Banderas Bay Butterfies / Texan Crescent (Anthanassa texana)

by Moralea Milne

Texan Crescents are small (approx. 1.5 in or 4 cm) butterflies found throughout Mexico, in many different types of ecosystems. They lay their eggs on low lying members of the Acanthus family which generally have colourful, tubular flowers such a wild petunias, flamingo plants, black-eyed Susan vine, shrimp plants and others. These delightful small butterflies are quite common, but information on them is not. A paucity of information on most butterflies found in Mexico is more the rule than the exception. Still, I am grateful to find out any facts, particularly their identification and their larval food plants


  1. HI Moralea,

    I mentioned earlier on how few butterflies I have seen around my home in San Francisco, CA, this past year. However, I now report that during my recent two week vacation in Puerto Vallarta, I do not remember seeing one butterfly.

    But what I did read and see, was the Internet report and picture of a couple in Ohio spotting a black thunderbird in a field, and when it took off and opened its some 45 foot wingspan, larger than a small airplane, it wobbled as it attempted to gain speed and altitude for flight.

    That actual picture of a black thunderbird was taken in a museum hung up in a vertical position with its tail down and wings spread, and with a man standing alongside the bird. It was over twice the man’s height.

    I mentioned this occurrence that happened in Ohio during the first week of my vacation this year in PV, because I have not seen one of these huge birds gliding high in the sky over Puerto Vallarta for the past 20 some years.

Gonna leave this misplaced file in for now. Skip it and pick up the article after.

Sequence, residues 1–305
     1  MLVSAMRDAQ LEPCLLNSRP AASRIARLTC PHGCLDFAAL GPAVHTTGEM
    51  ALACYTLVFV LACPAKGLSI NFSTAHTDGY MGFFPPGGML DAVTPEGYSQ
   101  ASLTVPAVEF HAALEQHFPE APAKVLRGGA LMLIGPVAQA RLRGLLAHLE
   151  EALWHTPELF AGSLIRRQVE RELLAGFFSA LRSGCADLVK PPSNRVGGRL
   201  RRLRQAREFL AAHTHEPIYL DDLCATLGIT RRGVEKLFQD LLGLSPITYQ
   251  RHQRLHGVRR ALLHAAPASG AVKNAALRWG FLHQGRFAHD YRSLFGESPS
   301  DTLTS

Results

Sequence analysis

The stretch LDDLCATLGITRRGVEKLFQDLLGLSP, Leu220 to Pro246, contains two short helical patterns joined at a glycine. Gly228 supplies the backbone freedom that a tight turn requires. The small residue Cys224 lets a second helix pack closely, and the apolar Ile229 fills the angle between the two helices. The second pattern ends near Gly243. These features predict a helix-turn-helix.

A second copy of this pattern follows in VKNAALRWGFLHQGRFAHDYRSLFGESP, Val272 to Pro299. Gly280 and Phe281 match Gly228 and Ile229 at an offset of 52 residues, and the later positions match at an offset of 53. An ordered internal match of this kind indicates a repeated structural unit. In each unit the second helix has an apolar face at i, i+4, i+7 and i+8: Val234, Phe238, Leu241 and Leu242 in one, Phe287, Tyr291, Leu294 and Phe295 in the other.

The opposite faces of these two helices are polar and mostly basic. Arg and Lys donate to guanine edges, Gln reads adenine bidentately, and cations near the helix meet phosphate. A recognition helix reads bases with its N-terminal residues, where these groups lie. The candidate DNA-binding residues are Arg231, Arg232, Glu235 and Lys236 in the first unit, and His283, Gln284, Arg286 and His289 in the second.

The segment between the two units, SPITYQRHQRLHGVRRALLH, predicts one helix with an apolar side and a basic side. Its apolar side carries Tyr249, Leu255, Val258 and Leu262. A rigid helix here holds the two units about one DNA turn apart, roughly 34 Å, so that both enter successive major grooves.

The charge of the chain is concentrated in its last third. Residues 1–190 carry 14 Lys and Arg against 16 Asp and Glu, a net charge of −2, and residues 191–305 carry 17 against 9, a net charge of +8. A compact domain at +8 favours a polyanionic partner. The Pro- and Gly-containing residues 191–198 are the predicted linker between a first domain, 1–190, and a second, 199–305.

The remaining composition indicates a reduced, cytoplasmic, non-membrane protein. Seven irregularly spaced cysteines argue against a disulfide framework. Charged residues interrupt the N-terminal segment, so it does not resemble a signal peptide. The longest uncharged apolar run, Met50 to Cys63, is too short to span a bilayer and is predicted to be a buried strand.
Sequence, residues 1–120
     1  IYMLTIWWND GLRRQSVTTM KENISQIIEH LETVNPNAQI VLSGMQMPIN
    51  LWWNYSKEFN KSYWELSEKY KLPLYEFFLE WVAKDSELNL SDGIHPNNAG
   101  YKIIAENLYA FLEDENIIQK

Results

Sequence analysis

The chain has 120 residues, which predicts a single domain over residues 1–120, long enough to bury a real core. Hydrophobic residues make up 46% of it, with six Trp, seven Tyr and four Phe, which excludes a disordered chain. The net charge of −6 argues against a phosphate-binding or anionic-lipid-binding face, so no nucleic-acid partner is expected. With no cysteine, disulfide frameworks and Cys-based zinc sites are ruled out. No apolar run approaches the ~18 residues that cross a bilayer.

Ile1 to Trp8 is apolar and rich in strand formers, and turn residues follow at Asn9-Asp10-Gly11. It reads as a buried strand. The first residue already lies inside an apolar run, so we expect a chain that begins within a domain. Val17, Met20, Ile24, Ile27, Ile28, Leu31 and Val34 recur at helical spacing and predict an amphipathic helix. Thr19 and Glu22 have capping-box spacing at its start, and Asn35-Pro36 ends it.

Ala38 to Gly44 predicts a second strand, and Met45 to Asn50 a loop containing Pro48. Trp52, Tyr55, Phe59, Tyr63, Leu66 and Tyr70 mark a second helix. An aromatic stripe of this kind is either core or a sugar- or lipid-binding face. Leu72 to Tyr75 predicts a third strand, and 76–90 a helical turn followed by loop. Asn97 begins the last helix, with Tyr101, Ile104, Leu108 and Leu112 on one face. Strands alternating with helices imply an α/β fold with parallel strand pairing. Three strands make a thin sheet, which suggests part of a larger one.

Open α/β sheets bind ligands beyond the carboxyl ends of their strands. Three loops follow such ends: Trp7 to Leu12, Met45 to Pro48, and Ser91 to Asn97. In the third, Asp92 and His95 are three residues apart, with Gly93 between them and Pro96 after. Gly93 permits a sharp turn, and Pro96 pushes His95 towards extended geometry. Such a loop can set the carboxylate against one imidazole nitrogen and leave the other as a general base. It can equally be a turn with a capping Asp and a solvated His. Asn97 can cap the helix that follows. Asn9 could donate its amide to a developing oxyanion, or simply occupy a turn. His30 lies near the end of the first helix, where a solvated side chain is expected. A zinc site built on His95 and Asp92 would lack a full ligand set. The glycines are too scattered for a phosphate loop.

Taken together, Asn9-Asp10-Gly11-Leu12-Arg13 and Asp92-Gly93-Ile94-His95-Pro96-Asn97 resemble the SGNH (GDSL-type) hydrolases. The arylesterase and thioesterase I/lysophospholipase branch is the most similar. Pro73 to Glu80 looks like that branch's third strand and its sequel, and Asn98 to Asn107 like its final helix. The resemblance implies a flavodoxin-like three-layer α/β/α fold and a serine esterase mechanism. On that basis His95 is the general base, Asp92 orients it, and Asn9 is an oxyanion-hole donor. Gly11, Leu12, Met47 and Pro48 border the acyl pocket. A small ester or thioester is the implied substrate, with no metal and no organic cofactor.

Whether this is due to the higher activity at the newer PV airport, climate or weather change, is a mystery . In the early years of my travels to Mexico, I was told by the Mexican recreation director at the Canto del Sol Timeshare Resort, that these large birds slept perched on trees in the Jungle at night, and during the day, just glided high in the sky without landing.

    In Canada there are many stories of the Thunderbirds, and are shown on the carved totem wood log tree poles . I have two large and four small totem poles , a tall one from Canada, and the other tall one from Indonesia. So the thunderbird must have been wide spread at one time.

    Do you have any interesting information regarding this, for information is scarce as sometime butterflies seem to be. My dictionary says that the thunderbird is a mythology of certain N. American Indians , an enormous bird, that produces thunder, lightning, and rain.

    Why… this could be the cause of all the thunder , lightning and rain produced in the jungle behind Puerto Vallarta.

    PS: I also have two fur seal skinned face masks from either Alaska or Canada. I acquired them both from my local flea market, from persons that were quite old, and looked like Indians from the far north. One actually apologized to me that the sealskin face mask was very old and somewhat warn. Amazing , I purchased them both for only $5.00 each, whereas I expected them to be worth hundreds of dollars each.

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